17 Renown FTC/NAG Investigation  Clear that agencies would have serious concerns based simply on resulting market share in Reno, so investigation likely  Defenses:  Scope of geographic market includes Carson City  Entry is easy, likely and sufficient via competing hospitals recruiting new cardiologists, had already begun  Merger was “justified” by resulting efficiencies  Regardless, no actual anticompetitive effects because of community and payor commitments

18 Renown FTC/NAG Investigation  Defenses (cont.)  New and evolving market paradigm: vertically integrated hospital-physician health systems  Intent: Trend away from independent practice to hospital employment nationwide  Impact: Traditional enforcement tools too static, not useful/relevant in evolving hospital-physician integrated markets (e.g., market definition, concentration)  FTC and NAG nontheless indicated they would challenge  Despite actual entry by St. Mary’s, no price effect

19 Investigation Do’s and Don’ts  Do cooperate and maintain rapport and transparency with the agencies  Be vigilant for openings to resolve agency concerns and thus the investigation  Don’t neglect the AG  Do continue to prepare your case on the substantive merits  Otherwise there is no “Plan B” and no settlement leverage, and the agencies can and will call your bluff  Key defense: identify rival hospital who can and will sponsor “entry” by recruiting new physicians  Or if no noncompetes or other restrictions, even employed physicians can freely switch to rival so market share irrelevant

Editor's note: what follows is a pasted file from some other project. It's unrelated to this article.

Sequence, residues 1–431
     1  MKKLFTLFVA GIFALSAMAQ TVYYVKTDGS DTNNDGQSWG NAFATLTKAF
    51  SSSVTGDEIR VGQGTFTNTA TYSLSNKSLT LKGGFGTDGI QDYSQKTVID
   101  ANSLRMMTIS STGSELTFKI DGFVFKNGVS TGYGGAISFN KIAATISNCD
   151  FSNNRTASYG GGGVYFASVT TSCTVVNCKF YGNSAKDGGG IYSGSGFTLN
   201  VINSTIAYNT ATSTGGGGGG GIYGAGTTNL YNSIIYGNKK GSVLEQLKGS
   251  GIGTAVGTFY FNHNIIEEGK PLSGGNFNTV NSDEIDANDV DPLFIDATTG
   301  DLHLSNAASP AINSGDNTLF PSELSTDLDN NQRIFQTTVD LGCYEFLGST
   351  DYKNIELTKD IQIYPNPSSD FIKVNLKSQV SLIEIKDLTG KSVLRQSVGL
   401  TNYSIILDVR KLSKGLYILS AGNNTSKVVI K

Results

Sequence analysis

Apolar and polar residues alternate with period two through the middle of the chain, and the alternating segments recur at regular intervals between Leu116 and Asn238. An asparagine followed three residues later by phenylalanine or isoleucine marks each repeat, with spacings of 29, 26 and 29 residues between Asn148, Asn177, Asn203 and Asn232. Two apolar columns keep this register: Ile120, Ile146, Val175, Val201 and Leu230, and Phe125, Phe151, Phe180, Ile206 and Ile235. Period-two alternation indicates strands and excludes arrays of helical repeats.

20 Renown Settlement  Complicated (and initially motivated) by dispute and litigation with first of acquired physician groups.  Difficulty – determining how many physicians to divest and which ones (subspecialty, age, productivity)  Noncompetes were complicating factor, but ultimate “solution” as mechanism for “testing the water”

21 Renown Settlement Provisions  Suspend noncompetes for 60 days to allow MDs to negotiate employment (or independent support)  Standard for “acceptable terminations”: MD’s intent practice in Reno/Sparks for at least one year (Renown not guarantor)  Threshholds: as few as 6 (75% residual market share) and no more than 10 (66% market share)  Renown not required to terminate any (if less than 6 volunteer, N/Cs remain suspended)  But Renown may affirmatively terminate MDs